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About a month or two ago my TiVo decided to record the television show Bleach off of Cartoon Network. This is a manga/anime that I’ve heard of, but I didn’t know anything about it and the name didn’t sound particularly appealing to me — What is it, a show about a kid with bleached hair?

I watched the one episode on my TiVo and actually found it somewhat interesting. There was some character who had come into possession of a parakeet that seemed to be cursed, causing accidents to happen all around it. Then there also seemed to be some characters who were part of something called the “Soul Society.” My impressions were sketchy, given that I was jumping in mid-stream to the show, but it seemed a little metaphysical and therefore interesting.

So a few weeks ago as I browsed PopURLs I came across a fansub of Bleach on YouTube. As it turns out, my impressions of the show were completely wrong. Instead of being some brain-stimulating show drawing you into a fantastic universe where the supernatural is a real element of day to day life and a mysterious organization called the Soul Society allows the viewer to explore the dimensions of this universe, it turns out that Bleach is just another Dragonball Z clone. How disappointing. Not really a surprise, as most of the non-fanservice, non-dating-drama, non-mecha animes out there seem to be this same formula of “Protagonist and his weaker compatriots fight opponents using glowing energy blasts and teleportation, usually justified as martial arts even though the characters rarely if ever actually have a legitimate fight without using anime conventions. During fights, protagonists and enemies “power up” and take on different forms.” The majority of anime is so formulaic that it’s a wonder to me why it’s so popular.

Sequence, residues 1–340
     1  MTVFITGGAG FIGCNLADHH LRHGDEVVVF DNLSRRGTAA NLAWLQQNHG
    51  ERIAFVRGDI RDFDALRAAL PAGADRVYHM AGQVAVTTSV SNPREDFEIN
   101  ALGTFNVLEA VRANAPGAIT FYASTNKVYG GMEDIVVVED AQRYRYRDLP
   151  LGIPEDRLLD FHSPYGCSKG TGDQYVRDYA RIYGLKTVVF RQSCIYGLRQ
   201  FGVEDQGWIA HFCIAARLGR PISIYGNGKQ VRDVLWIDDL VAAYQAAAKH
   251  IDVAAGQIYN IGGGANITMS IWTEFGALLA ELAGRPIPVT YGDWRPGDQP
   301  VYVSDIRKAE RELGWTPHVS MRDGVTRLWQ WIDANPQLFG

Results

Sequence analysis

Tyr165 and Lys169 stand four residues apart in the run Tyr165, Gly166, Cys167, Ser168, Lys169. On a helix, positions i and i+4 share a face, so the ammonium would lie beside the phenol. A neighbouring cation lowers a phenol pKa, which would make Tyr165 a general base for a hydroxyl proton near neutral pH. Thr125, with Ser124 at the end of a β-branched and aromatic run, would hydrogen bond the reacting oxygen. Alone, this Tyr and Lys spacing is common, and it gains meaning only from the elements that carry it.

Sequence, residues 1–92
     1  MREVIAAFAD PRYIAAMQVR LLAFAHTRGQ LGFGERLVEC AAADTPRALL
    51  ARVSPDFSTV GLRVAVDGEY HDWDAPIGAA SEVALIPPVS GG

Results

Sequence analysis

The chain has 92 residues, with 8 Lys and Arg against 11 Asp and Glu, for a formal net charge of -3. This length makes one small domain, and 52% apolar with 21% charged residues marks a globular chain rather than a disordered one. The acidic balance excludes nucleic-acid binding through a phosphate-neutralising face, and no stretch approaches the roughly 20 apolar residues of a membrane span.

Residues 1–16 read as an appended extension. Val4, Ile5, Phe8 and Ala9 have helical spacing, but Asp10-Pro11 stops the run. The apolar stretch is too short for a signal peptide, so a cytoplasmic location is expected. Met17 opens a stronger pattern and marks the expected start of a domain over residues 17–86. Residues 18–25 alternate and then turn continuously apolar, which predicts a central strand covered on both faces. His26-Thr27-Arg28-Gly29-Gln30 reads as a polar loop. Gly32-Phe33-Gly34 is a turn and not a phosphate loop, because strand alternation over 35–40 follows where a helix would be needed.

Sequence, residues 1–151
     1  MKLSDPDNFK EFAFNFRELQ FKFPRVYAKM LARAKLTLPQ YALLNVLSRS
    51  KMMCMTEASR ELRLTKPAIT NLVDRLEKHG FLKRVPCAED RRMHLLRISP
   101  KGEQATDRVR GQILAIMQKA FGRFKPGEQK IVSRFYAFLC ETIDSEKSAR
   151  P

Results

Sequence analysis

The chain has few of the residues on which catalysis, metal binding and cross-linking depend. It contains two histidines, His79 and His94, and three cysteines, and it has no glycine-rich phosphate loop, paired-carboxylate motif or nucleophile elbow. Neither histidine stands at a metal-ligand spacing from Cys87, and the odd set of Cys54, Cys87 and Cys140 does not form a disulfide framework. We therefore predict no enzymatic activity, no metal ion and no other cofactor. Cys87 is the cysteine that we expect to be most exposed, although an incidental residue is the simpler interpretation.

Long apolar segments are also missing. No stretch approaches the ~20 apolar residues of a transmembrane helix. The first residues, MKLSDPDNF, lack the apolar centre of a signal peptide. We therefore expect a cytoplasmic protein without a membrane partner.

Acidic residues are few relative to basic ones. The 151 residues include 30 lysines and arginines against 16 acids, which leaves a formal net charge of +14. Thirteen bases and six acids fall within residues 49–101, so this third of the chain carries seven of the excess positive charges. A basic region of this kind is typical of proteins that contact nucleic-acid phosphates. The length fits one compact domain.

The funny thing I noticed when watching this Bleach show on YouTube was exactly how little “show” there was. Between the introduction song, the recap of previous episodes’ events, and a typically anime not-funny comedy sketch at the end of the episode, I think the total running time for the episode came in at about fifteen minutes. Factor in that a large portion of these shows typically involves: 1. Characters “powering up” attacks, 2. Characters standing-still as attacks bounce off of them, and 3. Characters standing around bragging about their “power level” or “skill” and it’s amazing how little content or actual animation must be involved in making a show like this.

I guess I should have remembered my general rule that any anime that appears on Cartoon Network, aside from Cowboy Bebop, must be tripe.

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